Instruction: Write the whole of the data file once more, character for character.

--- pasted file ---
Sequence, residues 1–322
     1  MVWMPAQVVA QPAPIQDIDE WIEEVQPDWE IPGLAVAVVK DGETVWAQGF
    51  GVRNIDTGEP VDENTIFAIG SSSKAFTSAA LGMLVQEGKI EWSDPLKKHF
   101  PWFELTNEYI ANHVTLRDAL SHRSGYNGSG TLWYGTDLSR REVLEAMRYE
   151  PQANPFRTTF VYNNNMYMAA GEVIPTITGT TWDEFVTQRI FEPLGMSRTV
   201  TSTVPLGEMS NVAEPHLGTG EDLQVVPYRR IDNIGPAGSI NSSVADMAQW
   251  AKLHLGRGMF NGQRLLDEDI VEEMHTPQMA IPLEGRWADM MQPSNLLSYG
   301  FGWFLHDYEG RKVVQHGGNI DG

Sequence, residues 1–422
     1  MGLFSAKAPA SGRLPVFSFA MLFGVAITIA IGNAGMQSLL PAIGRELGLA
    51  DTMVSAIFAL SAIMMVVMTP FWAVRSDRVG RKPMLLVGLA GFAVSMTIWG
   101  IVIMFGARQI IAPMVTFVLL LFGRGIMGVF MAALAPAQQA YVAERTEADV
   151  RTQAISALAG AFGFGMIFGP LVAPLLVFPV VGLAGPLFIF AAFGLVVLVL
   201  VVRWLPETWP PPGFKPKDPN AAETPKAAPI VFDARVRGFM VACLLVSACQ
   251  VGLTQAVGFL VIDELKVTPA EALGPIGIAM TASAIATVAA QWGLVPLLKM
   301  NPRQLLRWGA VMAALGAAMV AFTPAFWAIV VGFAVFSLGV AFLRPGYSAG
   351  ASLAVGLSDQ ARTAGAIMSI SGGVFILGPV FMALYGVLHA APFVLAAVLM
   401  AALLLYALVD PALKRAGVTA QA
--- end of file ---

Sequence, residues 1–322
     1  MVWMPAQVVA QPAPIQDIDE WIEEVQPDWE IPGLAVAVVK DGETVWAQGF
    51  GVRNIDTGEP VDENTIFAIG SSSKAFTSAA LGMLVQEGKI EWSDPLKKHF
   101  PWFELTNEYI ANHVTLRDAL SHRSGYNGSG TLWYGTDLSR REVLEAMRYE
   151  PQANPFRTTF VYNNNMYMAA GEVIPTITGT TWDEFVTQRI FEPLGMSRTV
   201  TSTVPLGEMS NVAEPHLGTG EDLQVVPYRR IDNIGPAGSI NSSVADMAQW
   251  AKLHLGRGMF NGQRLLDEDI VEEMHTPQMA IPLEGRWADM MQPSNLLSYG
   301  FGWFLHDYEG RKVVQHGGNI DG

Sequence, residues 1–422
     1  MGLFSAKAPA SGRLPVFSFA MLFGVAITIA IGNAGMQSLL PAIGRELGLA
    51  DTMVSAIFAL SAIMMVVMTP FWAVRSDRVG RKPMLLVGLA GFAVSMTIWG
   101  IVIMFGARQI IAPMVTFVLL LFGRGIMGVF MAALAPAQQA YVAERTEADV
   151  RTQAISALAG AFGFGMIFGP LVAPLLVFPV VGLAGPLFIF AAFGLVVLVL
   201  VVRWLPETWP PPGFKPKDPN AAETPKAAPI VFDARVRGFM VACLLVSACQ
   251  VGLTQAVGFL VIDELKVTPA EALGPIGIAM TASAIATVAA QWGLVPLLKM
   301  NPRQLLRWGA VMAALGAAMV AFTPAFWAIV VGFAVFSLGV AFLRPGYSAG
   351  ASLAVGLSDQ ARTAGAIMSI SGGVFILGPV FMALYGVLHA APFVLAAVLM
   401  AALLLYALVD PALKRAGVTA QA